If you reduce the effort needed to send invoices, you can spend half the time but do twice the job of reviewing bills and making sure you are fulfilling your obligations to your clients. Plus, if billing is automated, it will actually go out every month, meaning you will be keeping clients up to date on their cases as required by the ethics rules.
Communicate with Clients Online
Failure to keep clients informed of the status of their cases leads to many ethics complaints. A client who feels that they are kept in the dark is likely to file a bar complaint. While sometimes the only “update” you have to deliver is that you are still waiting on a third party, that update speaks volumes to your client. It tells them you are paying attention to what is important to them, even if you are unable to move ahead until someone else acts. While you likely do not want to make phone calls to all of your clients every month, especially in a high-volume practice, you can use technology to bridge the divide and keep clients posted.
How exactly this regular communication works for you will depend on your client base and methods of communication, but some ideas are:
- Send out a monthly email (say on the last day of the month), with a standard format to all clients. If you have an up-to-date case status list, an assistant should be able to help send this out without much oversight.
- Keep a client portal where clients can log in and see the status of their case. Check your case management software for that capability.
- If you collaborate online with clients already, such as through a shared Dropbox folder or Google Docs, you can keep a shared document for each client where you continuously update their status. Be sure to keep on top of it so that the client can trust the information is the most up-to-date.
Use Form Software to Implement Routine Systems
If you followed last year’s advice to set up streamlined office procedures like client intake forms, be sure to get some tech involved to make this simple. Tools like Google Forms and JotForm can make creating a form and filling it out very easy. Plus, these tools are free! JotForm integrates with Dropbox, so if you send a link to a form and the recipient fills out the requested information, you will receive their completed document in a designated Dropbox folder. You can even use it to receive attachments, which also migrate directly into Dropbox.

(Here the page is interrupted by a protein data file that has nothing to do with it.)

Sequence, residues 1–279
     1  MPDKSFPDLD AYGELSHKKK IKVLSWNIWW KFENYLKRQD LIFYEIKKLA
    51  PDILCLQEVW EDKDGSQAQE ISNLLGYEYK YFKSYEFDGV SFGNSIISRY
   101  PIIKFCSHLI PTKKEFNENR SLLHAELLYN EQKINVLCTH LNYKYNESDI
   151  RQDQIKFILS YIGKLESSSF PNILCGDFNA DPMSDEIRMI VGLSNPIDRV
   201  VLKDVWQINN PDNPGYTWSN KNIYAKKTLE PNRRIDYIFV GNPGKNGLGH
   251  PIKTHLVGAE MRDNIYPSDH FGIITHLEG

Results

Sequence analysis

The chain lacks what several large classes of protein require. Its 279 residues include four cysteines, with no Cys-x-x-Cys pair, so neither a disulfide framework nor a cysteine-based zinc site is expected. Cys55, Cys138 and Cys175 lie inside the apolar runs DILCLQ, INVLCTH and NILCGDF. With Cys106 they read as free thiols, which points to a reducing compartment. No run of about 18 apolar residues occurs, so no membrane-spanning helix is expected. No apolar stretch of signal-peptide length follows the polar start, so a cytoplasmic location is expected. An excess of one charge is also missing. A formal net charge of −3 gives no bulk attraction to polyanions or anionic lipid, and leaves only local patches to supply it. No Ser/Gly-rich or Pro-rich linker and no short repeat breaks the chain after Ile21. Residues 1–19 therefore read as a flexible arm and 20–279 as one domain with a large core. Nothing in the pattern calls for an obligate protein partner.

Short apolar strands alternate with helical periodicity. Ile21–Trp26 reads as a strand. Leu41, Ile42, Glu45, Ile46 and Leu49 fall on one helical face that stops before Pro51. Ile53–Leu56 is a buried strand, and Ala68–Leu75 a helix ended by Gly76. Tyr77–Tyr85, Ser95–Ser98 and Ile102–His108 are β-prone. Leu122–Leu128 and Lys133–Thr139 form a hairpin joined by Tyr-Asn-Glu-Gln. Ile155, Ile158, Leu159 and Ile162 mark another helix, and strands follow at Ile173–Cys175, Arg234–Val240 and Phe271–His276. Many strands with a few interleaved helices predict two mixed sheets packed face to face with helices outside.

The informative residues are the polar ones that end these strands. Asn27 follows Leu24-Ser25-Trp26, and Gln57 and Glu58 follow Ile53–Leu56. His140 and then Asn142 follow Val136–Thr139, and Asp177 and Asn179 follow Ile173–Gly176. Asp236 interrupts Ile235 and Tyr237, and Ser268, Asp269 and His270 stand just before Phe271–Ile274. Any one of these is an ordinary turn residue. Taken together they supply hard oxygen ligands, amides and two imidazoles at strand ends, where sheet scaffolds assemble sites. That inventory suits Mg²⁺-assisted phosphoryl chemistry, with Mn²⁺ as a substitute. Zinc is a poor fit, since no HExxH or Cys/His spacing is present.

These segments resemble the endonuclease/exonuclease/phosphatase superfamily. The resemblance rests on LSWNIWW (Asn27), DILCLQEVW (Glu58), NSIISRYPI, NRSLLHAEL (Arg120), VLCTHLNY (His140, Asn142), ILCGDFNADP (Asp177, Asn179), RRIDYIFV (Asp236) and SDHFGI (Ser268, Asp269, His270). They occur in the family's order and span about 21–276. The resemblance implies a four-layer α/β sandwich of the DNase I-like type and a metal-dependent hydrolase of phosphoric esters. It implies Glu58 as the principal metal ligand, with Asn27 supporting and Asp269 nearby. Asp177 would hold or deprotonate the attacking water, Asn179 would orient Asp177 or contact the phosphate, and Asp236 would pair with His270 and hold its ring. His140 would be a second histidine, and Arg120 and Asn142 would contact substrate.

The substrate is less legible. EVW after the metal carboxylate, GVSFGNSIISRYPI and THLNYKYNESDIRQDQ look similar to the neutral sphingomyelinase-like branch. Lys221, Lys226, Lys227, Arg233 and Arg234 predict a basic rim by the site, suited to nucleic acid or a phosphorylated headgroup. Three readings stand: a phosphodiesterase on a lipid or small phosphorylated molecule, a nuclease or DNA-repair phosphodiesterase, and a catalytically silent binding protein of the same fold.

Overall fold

Project and Task Management Goes Tech
Most solos and smalls are not just practicing law. They are also marketing, blogging, building their business, and evolving their practice all at once. However you manage these multiple hats offline, be it butcher paper with arrows all over it or a Beautiful Mind-style board of post-it notes, there is a tech solution that could augment or replace it.
One is Trello, which uses Kanban in its approach to project management. Another is Basecamp 3 which uses multiple platforms to organize your plans. Online solutions can be shared with your support team too, which makes them great tools for building your firm while still practicing law.
Explore Techniques to Link Software Solutions
If you are using multiple tech tools and you wish they would talk to each other, try out Zapier to try to get your tools to integrate.
In a simple example from Zapier, it can do things like take an attachment from a new email you receive in Gmail, save it to Dropbox, and alert you in Slack that you have a new Dropbox file. The possibilities are endless.
Seek Tech Solutions to Other Problems You May Face
If you have a hole in your practice, chances are there is a tech solution for it. Identify any problem areas and ask around, Google it, or look through Lawyerist for ideas on how technology may address your issue. It is likely that there are solutions to your problems—and to problems you never knew existed.